Bodies of three hikers recovered after slipping into pools of B.C. waterfall

SQUAMISH, B.C. — Police have extracted the bodies of three hikers who slipped and fell into one of the pools of a waterfall north of Vancouver, Squamish Search and Rescue says.

A young woman was swept into one of the pools at about noon Tuesday and her boyfriend and another man tried to save her and all fell in, said spokesman John Willcox.

Their friends reported seeing them carried over the lip of one pool and into a second, he added.

He says crews are known to rescue people who have slipped in the area where hikers often fill their water bottles after spending a few hours traversing a strenuous trail.

They end up by the beautiful granite that’s been carved by the water over hundreds of years but the buildup of lichen makes the area slick, Willcox says, adding dogs and people have slipped into the water but have been helped out.

He says it’s the first time he’s aware of anybody going over the falls and is advising people to stay away from the area.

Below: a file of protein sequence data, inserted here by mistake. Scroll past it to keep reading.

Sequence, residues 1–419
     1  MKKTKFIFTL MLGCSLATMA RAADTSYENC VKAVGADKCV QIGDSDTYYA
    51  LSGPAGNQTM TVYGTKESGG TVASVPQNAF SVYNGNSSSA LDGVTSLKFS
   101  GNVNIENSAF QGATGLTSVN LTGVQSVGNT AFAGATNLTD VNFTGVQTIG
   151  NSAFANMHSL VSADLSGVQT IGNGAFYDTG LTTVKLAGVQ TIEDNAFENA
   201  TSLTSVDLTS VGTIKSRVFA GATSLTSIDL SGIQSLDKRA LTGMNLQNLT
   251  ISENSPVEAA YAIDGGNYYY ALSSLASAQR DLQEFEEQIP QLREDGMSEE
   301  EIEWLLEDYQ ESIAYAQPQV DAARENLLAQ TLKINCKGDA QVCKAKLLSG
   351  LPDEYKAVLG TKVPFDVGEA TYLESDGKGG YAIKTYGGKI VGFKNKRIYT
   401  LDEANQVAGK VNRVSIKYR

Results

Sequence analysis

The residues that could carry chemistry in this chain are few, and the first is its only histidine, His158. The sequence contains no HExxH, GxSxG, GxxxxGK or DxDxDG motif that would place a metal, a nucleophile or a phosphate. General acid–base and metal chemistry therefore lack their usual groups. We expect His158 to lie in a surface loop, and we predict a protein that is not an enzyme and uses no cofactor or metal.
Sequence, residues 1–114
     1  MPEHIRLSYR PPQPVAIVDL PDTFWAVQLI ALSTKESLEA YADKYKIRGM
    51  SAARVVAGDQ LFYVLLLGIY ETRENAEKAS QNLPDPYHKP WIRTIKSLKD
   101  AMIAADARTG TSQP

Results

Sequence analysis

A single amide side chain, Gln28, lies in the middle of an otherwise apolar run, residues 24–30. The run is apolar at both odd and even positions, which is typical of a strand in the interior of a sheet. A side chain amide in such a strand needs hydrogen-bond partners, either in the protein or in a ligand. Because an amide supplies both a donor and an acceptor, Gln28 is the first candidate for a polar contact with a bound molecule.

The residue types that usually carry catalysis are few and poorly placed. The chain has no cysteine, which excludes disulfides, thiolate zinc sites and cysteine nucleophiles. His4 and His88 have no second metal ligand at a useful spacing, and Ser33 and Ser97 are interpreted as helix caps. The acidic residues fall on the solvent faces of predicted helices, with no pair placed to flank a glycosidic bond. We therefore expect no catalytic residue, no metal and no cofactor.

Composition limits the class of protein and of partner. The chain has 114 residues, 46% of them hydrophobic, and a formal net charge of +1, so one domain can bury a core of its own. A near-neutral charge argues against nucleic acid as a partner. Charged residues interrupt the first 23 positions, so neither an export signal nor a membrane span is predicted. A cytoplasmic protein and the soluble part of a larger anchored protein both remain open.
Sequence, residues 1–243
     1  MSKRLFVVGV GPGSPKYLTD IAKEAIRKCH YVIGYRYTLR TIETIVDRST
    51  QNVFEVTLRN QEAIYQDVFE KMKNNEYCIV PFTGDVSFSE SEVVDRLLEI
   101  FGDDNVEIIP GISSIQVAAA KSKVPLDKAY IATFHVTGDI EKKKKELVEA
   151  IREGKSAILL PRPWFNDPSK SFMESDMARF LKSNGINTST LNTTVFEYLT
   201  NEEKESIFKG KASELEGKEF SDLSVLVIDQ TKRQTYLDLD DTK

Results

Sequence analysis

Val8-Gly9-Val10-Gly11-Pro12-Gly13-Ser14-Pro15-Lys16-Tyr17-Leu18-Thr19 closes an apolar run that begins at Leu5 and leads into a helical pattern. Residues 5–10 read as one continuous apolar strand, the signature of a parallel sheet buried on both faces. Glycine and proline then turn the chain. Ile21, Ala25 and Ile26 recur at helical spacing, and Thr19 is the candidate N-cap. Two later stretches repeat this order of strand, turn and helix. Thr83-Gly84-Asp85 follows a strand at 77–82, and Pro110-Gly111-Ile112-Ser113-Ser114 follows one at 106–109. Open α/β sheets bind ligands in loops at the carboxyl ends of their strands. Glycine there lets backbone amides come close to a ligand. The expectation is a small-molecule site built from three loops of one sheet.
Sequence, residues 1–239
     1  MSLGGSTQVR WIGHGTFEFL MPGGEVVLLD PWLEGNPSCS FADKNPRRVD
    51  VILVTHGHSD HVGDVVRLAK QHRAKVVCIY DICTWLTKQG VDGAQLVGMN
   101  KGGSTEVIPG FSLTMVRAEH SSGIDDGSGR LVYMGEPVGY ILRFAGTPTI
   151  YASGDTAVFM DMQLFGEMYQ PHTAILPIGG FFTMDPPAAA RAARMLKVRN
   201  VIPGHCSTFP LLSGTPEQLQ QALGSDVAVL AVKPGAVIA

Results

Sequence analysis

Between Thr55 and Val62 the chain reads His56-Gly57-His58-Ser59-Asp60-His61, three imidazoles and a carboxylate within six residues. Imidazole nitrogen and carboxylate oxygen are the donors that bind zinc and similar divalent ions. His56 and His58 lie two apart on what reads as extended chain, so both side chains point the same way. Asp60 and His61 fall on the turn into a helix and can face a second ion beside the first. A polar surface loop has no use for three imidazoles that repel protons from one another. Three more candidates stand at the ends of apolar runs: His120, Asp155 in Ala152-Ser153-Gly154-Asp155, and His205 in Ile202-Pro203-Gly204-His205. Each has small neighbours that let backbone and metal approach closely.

Willcox said earlier Wednesday that crews were using ropes to lower RCMP officers into the pool at Shannon Falls.

“Getting the helicopter in to actually do an extraction out of there has its challenges,” he said.

The bodies of the woman and two men, all from British Columbia and in their 20s and early 30s, were discovered Tuesday evening. Their names have not been released pending notification of their families.

Willcox said the area near Squamish has become increasingly popular with the addition of a gondola that is drawing a lot of locals and tourists who often hike into risky terrain without knowing what’s involved.

RCMP Cpl. Sascha Banks of the Squamish detachment said the pools are not accessible by side trails in the area that is extremely risky.

“These pool systems, unless you have the right equipment with you, unless you understand the area, that you’re safe about doing it, you should not be up there.”

Searchers used an underwater camera to scour the pool on Tuesday in hopes of determining its depth as they searched for the hikers.

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